The Arctic Charms Explorer

English: A sketch of explorer Vilhjamur Stefan...
A sketch of explorer Vilhjamur Stefansson . (Photo credit: Wikipedia)

This is an opportunity to outline the story of Vilhjalmur Stefansson, one of the greatest Arctic explorers, who was born at Arnes, Manitoba, in 1879.  His parents were among the Icelanders who settled in Canada so successfully, although the Stefanssons moved to the United States after Vilhjamur was born.  He was educated there and spent three years at Harvard.

It was on February 20, 1915, that Stefansson set out on an expedition that took him along the coast of Banks Land to Alfred Point, and then to Prince Patrick Island.  He and his assistants found land that had never been seen bofore and claimed it for Canada.s  This expedition was only one of a number of achievements Stefansson  recorded between 1913 and 1918 when he was employed by the Canadian government to explore the Arctic. The five-year expedition above the Arctic Circle was the longest on record and Stefansson and his men lived like Eskimos, depending on hunting for their food.

During his ten winters and thirteen summers in the Arctic, he claimed many islands for Canada, including Borden, Brock, Meighen, and Lougheed.

Stefansson’s great claim to fame, however, was his insistence that the Arctic was habitable by white men, and even hospitable.  He wrote a book called The Friendly Arctic which was heartily criticized by other explorers including Amundsen, the first man to reach the South Pole.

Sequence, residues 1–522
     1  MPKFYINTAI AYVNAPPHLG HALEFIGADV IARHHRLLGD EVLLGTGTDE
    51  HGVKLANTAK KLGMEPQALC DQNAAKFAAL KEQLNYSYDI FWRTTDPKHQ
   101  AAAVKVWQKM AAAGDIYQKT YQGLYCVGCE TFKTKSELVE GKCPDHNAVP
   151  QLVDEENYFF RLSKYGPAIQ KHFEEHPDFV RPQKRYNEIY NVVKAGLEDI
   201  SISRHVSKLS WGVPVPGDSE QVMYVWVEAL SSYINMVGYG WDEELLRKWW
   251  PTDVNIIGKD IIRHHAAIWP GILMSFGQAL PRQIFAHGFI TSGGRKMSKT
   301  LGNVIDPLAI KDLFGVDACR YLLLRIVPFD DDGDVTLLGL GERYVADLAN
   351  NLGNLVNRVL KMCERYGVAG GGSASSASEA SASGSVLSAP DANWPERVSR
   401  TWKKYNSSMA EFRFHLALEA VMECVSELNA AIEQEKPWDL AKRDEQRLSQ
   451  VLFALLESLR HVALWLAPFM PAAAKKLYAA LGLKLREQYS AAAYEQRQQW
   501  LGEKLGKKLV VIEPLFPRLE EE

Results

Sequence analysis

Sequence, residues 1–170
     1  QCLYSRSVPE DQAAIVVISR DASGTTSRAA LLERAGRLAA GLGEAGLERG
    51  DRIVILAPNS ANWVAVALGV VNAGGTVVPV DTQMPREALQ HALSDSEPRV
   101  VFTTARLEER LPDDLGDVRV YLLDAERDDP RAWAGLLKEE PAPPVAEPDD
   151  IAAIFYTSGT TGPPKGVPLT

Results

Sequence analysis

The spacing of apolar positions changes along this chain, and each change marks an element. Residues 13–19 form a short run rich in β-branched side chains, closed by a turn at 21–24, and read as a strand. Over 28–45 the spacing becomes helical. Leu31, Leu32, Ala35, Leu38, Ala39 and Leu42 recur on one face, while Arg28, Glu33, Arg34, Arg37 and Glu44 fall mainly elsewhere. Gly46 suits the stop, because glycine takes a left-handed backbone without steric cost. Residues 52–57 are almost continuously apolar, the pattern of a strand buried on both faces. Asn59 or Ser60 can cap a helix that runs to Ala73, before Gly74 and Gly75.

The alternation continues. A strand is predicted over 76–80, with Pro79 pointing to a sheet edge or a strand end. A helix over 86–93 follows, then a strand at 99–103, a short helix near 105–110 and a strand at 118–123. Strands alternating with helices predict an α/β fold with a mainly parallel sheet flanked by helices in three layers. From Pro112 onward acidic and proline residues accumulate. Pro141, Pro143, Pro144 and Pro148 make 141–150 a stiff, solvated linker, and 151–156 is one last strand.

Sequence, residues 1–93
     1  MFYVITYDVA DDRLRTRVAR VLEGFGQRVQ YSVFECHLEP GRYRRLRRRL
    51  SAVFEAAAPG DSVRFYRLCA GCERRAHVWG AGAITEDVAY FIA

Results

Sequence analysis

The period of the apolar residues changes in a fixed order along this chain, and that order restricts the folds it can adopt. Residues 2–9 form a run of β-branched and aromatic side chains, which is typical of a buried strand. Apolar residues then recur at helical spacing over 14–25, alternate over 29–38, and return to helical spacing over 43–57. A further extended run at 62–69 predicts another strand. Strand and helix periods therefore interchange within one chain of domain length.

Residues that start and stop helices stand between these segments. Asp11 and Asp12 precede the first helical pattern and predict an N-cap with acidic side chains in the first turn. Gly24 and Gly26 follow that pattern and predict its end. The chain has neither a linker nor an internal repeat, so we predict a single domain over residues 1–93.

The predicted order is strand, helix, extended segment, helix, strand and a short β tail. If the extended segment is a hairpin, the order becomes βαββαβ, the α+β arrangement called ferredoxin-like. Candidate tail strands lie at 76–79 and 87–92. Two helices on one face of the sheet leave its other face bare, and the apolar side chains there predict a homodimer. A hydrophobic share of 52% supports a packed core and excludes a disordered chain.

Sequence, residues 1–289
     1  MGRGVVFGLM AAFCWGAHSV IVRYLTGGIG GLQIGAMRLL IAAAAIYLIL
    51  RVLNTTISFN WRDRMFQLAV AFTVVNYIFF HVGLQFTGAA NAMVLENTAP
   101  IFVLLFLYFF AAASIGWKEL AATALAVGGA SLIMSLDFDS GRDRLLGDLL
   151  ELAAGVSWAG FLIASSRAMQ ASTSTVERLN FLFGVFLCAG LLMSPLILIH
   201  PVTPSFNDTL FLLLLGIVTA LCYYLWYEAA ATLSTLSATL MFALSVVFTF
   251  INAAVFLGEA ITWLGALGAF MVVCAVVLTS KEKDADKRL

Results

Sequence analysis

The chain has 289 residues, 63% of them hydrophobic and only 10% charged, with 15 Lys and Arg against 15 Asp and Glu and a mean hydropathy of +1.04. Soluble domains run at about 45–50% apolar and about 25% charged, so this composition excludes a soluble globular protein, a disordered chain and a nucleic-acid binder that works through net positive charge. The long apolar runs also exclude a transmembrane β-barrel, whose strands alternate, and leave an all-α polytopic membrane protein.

He not only exploded many myths about the Arctic, but claimed that it was capable of commercial development.  He forecast the use of air transport and submarines for getting over and under icy wastes.  His argument that there was mineral wealth in the Arctic was confirmed not long ago by the discovery of the world’s richest deposit of iron or on Baffin Island.

Want more interesting reading about Stefansson?  I would first suggest reading Eskimos Prove An All Meat Diet
Provides Excellent Health
, an article he wrote for Harper’s Monthly Magazine in November 1935. There is an interesting article on Enchanted Learning website. For even more, go to White Pine Pictures and watch the trailer for their documentary “Arctic Dreamer: The Lonely Quest Of Viljhalmur Stefansson.”


  1. I wrote a paper on him last semester – fascinating character! I read tons and tons and tons of stuff written by him – he’s an incredibly prolific writer. I think we’ll see more interest in his work in the future, as climate change makes the North more accessible.


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